1
$\begingroup$

I was asking myself why is a Giffen good an inferior good and I read the following post : Difference between Giffen and inferior goods. Why aren't all inferior goods Giffen goods?.

The 2nd comment of @Matthew Gunn presents things very well. A good is called inferior if you purchase less as your income increases: $\frac{dq(p,w)}{dw}<0$ where $p$ is its price and $w$ the income of the consumer.

A good is called a Giffen good if you purchase more as its price increases : $\frac{dq(p,w)}{dp}>0$.

I cannot intuitively and mathematically see why a Giffen good must be an inferior good : $\frac{dq(p,w)}{dp}>0$ does not imply that $\frac{dq(p,w)}{dw}<0$. Also, if we take an example of a very poor community that cannot afford meat so that potatoes become a Giffen good. Then if the incomes of a consumer increase, nothing guarantees that he will purchase less potatoes, right ? Maybe the increase in his income is so small that he will not be able to afford meat and keep buying more potatoes, so they are Giffen goods but not inferior.

Can someone prove that $\{\text{Giffen goods} \} \subsetneq \{\text{Inferior goods}\}$ ?

(I am new to microeconomics sorry if I am dealing with this the wrong way).

$\endgroup$

2 Answers 2

2
$\begingroup$

I will only answer the intuition part, since mathematically there already is an answer, but at the same time your question is not complete duplicate since the intuition part is important as well.

Intuition:

This is because Giffen goods by definition are goods for which there is positive relationship between price of the good and demand, all else equal.

For any normal good when income increases people will consume more of the good but that does not mean that there is positive relationship between price and quantity. People might consume more even when price is increasing (depending on relative income and price effects) but then you are changing 2 parameters income and price at the same time. Giffen effect has to come just from the price.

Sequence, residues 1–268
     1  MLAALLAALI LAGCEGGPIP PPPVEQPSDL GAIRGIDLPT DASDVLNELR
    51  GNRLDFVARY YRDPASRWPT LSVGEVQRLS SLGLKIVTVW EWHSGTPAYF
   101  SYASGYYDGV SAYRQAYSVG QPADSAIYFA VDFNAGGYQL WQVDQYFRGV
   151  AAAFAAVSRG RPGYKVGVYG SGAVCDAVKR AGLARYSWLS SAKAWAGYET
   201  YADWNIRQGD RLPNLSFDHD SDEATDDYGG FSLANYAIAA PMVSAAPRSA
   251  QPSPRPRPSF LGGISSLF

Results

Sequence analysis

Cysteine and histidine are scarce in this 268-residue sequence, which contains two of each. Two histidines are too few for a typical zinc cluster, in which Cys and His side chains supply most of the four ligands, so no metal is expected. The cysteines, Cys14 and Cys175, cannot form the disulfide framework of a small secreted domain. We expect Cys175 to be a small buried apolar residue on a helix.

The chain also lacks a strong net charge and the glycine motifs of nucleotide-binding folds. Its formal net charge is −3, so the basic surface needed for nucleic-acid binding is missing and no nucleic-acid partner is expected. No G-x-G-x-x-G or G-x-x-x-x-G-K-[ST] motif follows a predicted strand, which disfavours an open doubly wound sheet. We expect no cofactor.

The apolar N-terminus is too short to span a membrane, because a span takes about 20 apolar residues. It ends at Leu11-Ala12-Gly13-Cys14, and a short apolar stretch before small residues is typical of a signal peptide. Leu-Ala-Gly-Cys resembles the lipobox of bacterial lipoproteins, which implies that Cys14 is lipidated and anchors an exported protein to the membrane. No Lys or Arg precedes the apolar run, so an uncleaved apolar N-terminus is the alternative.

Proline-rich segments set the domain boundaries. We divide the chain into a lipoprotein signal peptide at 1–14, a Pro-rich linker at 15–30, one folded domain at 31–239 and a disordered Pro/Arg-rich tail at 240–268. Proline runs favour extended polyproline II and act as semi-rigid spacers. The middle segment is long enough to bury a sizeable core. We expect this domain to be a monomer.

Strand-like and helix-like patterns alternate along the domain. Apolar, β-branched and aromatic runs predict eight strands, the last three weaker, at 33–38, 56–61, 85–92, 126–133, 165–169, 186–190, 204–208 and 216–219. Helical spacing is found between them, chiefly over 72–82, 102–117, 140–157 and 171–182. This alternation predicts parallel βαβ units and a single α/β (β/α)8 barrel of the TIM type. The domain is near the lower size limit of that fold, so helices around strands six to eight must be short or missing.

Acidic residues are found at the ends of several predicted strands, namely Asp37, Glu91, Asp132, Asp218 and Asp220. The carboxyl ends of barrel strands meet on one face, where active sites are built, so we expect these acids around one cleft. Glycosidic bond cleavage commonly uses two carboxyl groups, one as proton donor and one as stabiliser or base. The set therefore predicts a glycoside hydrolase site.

When it comes to Giffen good what generates the effect is the fact that income effect dominates the price effect, but this all happens while income is held constant. How is this possible? Because the income effect is generated by the price change itself. If you face constraint:

$$px+qy=m$$

Then increasing $p$ will create income effect even when $m$ is constant as it reduces the amount that constant income is able to buy. There is however absolutely no change in $m$ involved.

Now if $m$ is hold fixed, increase in $p$ will generate positive income effect (on quantity demanded of $x$) only if $x$ is inferior good. Otherwise, if $x$ is normal good $p$ increase will create an additional negative income effect that further reduces the consumption.

Again, when it comes to Giffen good only price has to change $m$ must remain constant. If you start changing $m$ you will get income effects but they will provide you with no indication whether good is Giffen or not since by definition Giffen goods are gods where the relationship between quantity demanded and price is positive, not relationships where increase in income generates extra demand while there is confounding change in price.

$\endgroup$
2
$\begingroup$

The rigorous proof has already been linked in 1muflon1's answer, but maybe this short version is more intutitive:

Consider the total effect (TE) on a consumer's demand for a good of an increase in the price of the good. This total effect can be additively split into the income effect (IE) and the substitution effect (SE), so TE = IE + SE. Rearranging, you get IE = TE - SE.

Now, by definition, for a Giffen good, TE > 0. Also, for any good, SE < 0. Thus, for a Giffen good, IE > 0. But this is just the definition of the good being an inferior good.

$\endgroup$

Your Answer

By clicking “Post Your Answer”, you agree to our terms of service, privacy policy and cookie policy

Not the answer you're looking for? Browse other questions tagged or ask your own question.